Color rendering: Effect of an illuminant on the color appearance of objects by conscious or subconscious comparison with their color appearance under a reference illuminant The CRI of a light source does not indicate the apparent color of the light source; that information is under the rubric of the correlated color temperature (CCT).

CRI's ability to predict color appearance has been criticized in favor of measures based on color appearance models, such as CIECAM02 and, for daylight simulators, the CIE Metamerism Index. CRI is not a good indicator for use in visual assessment, especially for sources below 5000 kelvin (K).

Luminary efficiency
Luminary efficiency is the ratio of light output emitted by the luminaries to the light output emitted by its lamps. Another way of looking at it: Luminary efficiency is the percentage of light output produced by the lamps that are in turn emitted by the luminaries.

Lumina ire efficacy describes the efficacy of the entire luminaries, including the light source, ballast and luminaries losses. The Luminaries Efficacy Rating (LER) provides a metric for comparing the relative energy efficiency of fluorescent luminaries. Initiated in response to the Energy Policy Act of 1992, LER offers a voluntary rating standard for several categories of commercial and industrial fluorescent luminaries such as 2×4 recessed lenses and louvered luminaries, plastic wrap around and strip lights (NEMA LE 5-2001).

LER is expressed:
LER = [Lumina ire Efficiency (EFF) x Total Rated Lamp Lumens (TTL) x Ballast Factor (BF)] ÷ [Lumina ire Watts Input]

光譜 Spectrum
Range of colors observed when white light was dispersed through a prism. Spectrum, referred to a plot of light intensity or power as a function of frequency or wavelength, also known as a spectral density. Mass spectrum of a peptide showing the isotopic distribution The term now applies to any signal that can be measured or decomposed along a continuous variable such as energy in electron spectroscopy or mass to charge ratio in mass spectrometry.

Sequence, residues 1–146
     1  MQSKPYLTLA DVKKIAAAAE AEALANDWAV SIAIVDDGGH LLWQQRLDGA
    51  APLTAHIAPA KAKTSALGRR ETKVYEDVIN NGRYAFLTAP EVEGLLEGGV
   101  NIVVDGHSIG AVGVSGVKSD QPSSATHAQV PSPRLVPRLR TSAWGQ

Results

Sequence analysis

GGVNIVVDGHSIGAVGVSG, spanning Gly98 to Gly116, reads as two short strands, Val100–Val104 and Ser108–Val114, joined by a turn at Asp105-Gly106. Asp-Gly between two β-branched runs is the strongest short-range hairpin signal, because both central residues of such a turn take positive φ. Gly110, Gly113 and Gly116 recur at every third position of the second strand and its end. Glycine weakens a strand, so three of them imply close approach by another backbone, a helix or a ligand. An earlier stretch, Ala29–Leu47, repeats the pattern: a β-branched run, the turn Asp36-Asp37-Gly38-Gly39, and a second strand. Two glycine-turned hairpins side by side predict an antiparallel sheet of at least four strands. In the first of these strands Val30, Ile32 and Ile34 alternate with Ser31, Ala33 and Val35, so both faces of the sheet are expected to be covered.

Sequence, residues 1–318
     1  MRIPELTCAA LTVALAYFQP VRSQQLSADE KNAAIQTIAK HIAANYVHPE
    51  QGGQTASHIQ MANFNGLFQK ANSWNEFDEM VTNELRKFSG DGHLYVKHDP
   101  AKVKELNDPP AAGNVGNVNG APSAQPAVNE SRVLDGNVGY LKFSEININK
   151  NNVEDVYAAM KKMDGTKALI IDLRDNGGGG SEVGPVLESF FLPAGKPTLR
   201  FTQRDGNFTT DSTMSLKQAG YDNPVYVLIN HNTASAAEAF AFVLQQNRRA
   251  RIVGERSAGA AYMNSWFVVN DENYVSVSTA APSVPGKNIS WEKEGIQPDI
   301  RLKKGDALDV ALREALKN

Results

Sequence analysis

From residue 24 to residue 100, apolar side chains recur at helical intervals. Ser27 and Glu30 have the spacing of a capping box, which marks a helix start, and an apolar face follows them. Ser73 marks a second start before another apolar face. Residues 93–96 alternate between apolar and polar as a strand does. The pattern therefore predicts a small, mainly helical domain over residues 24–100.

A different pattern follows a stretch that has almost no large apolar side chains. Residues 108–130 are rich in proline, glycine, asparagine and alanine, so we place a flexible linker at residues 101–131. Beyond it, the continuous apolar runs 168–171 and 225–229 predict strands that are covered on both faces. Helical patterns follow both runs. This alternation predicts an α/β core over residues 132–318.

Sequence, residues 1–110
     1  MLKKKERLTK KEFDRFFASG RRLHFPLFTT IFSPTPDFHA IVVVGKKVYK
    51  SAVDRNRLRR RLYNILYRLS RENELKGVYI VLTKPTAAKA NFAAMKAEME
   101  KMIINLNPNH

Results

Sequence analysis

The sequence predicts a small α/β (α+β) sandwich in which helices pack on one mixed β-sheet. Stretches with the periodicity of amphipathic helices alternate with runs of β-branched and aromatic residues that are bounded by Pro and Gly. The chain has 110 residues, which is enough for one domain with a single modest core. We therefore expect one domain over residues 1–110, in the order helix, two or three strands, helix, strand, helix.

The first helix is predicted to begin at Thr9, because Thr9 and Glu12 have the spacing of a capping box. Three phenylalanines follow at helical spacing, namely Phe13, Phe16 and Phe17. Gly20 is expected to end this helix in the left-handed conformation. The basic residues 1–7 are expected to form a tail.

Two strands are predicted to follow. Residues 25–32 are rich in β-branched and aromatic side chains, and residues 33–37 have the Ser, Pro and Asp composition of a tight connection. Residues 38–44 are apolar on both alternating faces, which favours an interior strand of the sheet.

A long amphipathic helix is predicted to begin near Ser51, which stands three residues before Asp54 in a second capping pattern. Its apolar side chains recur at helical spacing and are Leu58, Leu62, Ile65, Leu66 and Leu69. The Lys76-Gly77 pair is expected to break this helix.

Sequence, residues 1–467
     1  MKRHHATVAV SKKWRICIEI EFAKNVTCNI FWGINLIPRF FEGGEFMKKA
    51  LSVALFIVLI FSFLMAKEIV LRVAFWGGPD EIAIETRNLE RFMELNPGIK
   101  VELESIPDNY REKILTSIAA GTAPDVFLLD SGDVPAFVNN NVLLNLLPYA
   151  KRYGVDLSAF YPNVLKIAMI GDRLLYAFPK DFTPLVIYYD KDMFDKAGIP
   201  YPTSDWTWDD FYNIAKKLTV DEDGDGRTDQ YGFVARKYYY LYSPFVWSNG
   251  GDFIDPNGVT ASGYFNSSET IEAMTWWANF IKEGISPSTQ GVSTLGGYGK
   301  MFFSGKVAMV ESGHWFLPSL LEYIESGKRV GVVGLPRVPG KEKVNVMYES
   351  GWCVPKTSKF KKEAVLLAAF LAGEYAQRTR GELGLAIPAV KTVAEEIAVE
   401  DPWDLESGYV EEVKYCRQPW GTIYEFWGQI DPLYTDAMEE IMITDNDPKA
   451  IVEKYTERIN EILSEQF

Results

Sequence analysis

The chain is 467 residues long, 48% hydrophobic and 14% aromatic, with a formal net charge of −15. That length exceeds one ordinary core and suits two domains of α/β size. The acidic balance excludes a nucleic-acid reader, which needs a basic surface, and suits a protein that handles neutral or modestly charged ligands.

SAMPLE Spectrum of Cool White LED:

Incandescent lamp
Incandescent light bulb, incandescent lamp or incandescent light globe is an electric light which produces light with a filament wire heated to a high temperature by an electric current passing through it, until it glows (see Incandescence). Incandescent bulbs are less efficient than several other modern types of light bulbs; most incandescent bulbs convert less than 5% of the energy they use into visible light (with the remaining energy being converted into heat)

Gas discharge lamp
Gas-discharge lamps are a family of artificial light sources that generate light by sending an electrical discharge through an ionized gas, plasma. The character of the gas discharge critically depends on the frequency or modulation of the current.

A light-emitting diode (LED) is a semiconductor light source. LEDs are used as indicator lamps in many devices and are increasingly used for other lighting. When a light-emitting diode is forward-biased (switched on), electrons are able to recombine with electron holes within the device, releasing energy in the form of photons. An LED is often small in area (less than 1 mm2), and integrated optical components may be used to shape its radiation pattern. LEDs present many advantages over incandescent light sources including lower energy consumption, longer lifetime, improved physical robustness, smaller size, and faster switching.